The risk to human rights legislation and specifically the Human Rights Act seem to have risen in past week.  This concern has come about because of some equivocal statements by ministers in a recent House Of Commons debate.  Dislike of the HRA by some members of the government is well known and there have been plans to abolish it for some time.  They seem to have been kicked into the long grass because of the all consuming nature of the Brexit process and also because it has proved difficult to introduce a fresh piece of legislation – HRA2 we might say – that would get through parliament.

The recent row has emerged because a junior minister, Edward Agar, said the HRA ‘would be reviewed post Brexit’. SNP politician Tommy Sheppard was quoted as saying at the end of a 90 minute debate:

[he] felt he was “left without the unequivocal and categorical assurances I was seeking, in terms of the commitment to the existing Human Rights Act and the protection that it affords” Source; RightsInfo 13 February 2019

So it seems that once we leave, a review of the Act and its possible replacement is a possibility.  This story has a long genesis going back to when David Cameron was prime minister.  Theresa May was a keen abolitionist as home secretary.

The problem that some politicians have with it are several.  Firstly, a failure to appreciate the positive effects it has had on various issues large and small.  In countless cases, involving individuals and their dealings with government or local authorities, the act has been a key element in the defence of their rights.  Only rarely do these get reported and frequently, the role of the act in the proceedings is omitted.

Secondly, there is a belief that British rights are somehow superior to anything Europe could do and go all the way back to Magna Carta.  The imperfections of the British system are brushed aside.  Before the HRA was in place there was a steady procession of litigants going to Strasbourg to get justice denied them in the UK.  These judgements were often embarrassing to the British legal system.

Thirdly, the issue of human rights has got caught up in the Brexit debate and a belief among those wishing to leave that anything with a European tag to it is to avoided.  As Anthony Lester QC puts it:

Because the Human Rights Act use the [European] Convention rights as a substitute for homegrown constitutional rights, it arouses the hostility of euro sceptics, our system has come under increasing onslaught, not from activist judges but from political opportunists supported by right-wing newspapers that have made ‘human rights’ a dirty word.  Five Ideas to Fight For, One World, 2016 p39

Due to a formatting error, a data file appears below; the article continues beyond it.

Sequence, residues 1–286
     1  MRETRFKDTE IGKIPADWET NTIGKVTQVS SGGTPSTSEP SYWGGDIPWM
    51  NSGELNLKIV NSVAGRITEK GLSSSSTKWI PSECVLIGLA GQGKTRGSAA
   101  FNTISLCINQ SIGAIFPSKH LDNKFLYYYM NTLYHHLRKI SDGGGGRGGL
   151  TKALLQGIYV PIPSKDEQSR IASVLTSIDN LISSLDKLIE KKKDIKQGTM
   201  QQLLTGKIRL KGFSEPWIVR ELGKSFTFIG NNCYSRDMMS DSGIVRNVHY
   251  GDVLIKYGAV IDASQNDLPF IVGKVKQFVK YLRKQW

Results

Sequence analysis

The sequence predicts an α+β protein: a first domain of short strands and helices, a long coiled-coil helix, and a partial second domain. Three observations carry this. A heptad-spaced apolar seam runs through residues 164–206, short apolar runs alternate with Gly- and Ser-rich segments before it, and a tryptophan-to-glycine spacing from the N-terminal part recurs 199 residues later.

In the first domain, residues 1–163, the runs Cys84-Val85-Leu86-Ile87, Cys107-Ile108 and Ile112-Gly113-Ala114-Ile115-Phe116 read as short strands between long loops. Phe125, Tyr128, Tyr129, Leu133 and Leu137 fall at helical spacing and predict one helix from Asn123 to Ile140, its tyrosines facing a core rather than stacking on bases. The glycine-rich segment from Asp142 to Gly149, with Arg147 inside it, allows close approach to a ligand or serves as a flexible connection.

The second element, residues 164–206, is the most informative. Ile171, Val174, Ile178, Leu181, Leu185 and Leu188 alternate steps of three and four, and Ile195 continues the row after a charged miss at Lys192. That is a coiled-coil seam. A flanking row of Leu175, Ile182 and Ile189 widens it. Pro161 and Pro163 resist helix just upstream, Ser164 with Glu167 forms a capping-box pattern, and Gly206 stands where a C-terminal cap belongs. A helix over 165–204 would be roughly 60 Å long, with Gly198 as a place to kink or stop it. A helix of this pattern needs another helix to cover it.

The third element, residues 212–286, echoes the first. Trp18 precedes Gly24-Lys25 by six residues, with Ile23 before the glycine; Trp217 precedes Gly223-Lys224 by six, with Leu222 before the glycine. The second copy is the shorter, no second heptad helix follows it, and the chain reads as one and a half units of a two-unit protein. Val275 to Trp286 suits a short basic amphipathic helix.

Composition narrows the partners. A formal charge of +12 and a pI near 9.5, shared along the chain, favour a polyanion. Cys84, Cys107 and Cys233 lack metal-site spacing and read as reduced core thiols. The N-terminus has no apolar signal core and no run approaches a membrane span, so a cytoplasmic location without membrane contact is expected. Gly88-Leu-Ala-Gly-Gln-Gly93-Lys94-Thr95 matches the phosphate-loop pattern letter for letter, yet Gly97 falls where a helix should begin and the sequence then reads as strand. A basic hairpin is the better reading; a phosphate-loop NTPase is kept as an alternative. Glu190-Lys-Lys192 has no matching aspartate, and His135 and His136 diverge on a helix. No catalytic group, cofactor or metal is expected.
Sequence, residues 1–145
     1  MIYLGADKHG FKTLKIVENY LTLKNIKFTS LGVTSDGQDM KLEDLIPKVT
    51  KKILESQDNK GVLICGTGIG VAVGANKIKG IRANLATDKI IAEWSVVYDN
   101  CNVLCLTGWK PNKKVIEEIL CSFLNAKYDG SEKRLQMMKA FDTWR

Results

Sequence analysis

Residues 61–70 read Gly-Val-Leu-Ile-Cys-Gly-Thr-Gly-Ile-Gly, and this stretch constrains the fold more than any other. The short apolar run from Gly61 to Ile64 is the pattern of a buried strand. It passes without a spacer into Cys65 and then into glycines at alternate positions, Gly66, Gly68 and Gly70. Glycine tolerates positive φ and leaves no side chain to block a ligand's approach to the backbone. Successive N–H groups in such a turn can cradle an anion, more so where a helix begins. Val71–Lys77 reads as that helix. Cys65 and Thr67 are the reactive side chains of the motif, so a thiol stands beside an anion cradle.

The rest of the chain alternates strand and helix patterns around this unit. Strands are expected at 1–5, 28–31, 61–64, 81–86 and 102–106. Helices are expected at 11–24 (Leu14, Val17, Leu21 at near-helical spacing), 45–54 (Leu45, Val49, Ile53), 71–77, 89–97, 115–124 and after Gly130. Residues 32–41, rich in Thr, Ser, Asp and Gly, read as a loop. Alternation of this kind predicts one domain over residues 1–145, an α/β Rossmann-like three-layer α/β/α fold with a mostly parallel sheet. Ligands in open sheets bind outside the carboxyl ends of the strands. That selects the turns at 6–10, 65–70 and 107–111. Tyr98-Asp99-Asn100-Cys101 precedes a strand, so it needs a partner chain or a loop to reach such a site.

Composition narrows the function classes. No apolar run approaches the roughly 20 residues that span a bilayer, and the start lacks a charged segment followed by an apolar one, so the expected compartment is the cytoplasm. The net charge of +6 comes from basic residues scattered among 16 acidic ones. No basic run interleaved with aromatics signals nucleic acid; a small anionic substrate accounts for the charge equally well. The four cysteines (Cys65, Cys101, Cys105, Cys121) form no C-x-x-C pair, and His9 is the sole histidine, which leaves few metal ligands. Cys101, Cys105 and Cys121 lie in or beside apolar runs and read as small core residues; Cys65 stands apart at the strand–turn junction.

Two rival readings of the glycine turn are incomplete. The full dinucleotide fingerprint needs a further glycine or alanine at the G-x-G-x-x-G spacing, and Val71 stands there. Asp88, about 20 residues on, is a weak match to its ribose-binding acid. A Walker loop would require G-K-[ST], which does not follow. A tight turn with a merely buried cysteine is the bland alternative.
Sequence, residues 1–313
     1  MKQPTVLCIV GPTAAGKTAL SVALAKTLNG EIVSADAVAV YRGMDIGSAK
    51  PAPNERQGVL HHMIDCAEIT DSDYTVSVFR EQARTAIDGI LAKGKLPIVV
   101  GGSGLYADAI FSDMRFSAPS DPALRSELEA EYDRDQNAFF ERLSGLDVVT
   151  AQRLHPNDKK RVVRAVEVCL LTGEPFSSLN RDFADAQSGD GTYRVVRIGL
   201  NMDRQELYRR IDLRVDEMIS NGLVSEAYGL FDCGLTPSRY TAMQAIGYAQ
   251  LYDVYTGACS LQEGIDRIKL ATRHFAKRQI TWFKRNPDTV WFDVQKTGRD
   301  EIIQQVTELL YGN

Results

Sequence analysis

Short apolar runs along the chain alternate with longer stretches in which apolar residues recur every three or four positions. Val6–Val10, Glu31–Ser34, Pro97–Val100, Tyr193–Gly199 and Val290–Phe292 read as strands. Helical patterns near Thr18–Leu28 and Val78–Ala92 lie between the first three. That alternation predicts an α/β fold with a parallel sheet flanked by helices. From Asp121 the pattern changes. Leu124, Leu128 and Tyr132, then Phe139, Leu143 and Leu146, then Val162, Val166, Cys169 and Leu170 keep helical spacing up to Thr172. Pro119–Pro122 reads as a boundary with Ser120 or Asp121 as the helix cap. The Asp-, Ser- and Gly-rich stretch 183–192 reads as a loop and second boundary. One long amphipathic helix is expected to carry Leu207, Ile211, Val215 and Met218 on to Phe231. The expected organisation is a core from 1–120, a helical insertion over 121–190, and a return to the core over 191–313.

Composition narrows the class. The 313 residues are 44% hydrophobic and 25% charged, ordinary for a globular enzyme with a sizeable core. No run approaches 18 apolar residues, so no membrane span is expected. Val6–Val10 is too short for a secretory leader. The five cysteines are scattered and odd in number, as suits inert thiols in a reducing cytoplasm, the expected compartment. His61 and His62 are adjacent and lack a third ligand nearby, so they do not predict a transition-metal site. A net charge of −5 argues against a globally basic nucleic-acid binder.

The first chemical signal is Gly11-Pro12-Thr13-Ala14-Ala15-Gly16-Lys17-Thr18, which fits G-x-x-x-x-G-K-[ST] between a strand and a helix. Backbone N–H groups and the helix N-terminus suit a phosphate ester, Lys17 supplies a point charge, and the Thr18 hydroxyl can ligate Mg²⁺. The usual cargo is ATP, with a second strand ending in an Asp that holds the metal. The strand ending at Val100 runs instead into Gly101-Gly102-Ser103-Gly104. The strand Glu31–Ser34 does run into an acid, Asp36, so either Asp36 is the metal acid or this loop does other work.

Finally, and perhaps crucially, the HRA alters, in a quite fundamental way, the balance of power in our society.  For the first time in our history, the people have a set of rights.  Since we do not have a written constitution, this is a significant development.  It is perhaps not surprising that those – especially from the privileged classes – who enjoyed the power and influence it gave, feel a little resentful at its loss.

What happens after Brexit we will have to see.  Perhaps there are people who think coming out of Europe will mean coming out of the Convention.  They are in fact two different bodies and the Convention stems from the Council of Europe which we entered long before we entered the EEC.  It will still be in place.  It is possible that some will be disappointed to discover that we are still in the Council post March 29.

The local Amnesty group will, along with Amnesty International itself, be keeping an eye of events and will be campaigning if the plans to repeal the act become real.

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The groups latest death penalty report is available here thanks to group member Lesley for the work in compiling it.  As always, we have to note that China is the worlds largest executioner but the statistics are a state secret.

Report (Word)


UK continues to supply arms to Saudi Arabia

The war in Yemen continues and the death toll continues to rise.  The UN estimates around half a million people have cholera.  They also estimate around two thirds of the population are in need of humanitarian assistance.  Yet the UK continues to supply arms to Saudi Arabia and half our arms exports go to the country.

The supply of arms is monitored by the Commons Committee on Arms Export Controls (CAEC) yet bizarrely, at its most recent meeting, it did not have the supply of weapons to Saudi on the agenda presumably because it has become too sensitive a subject.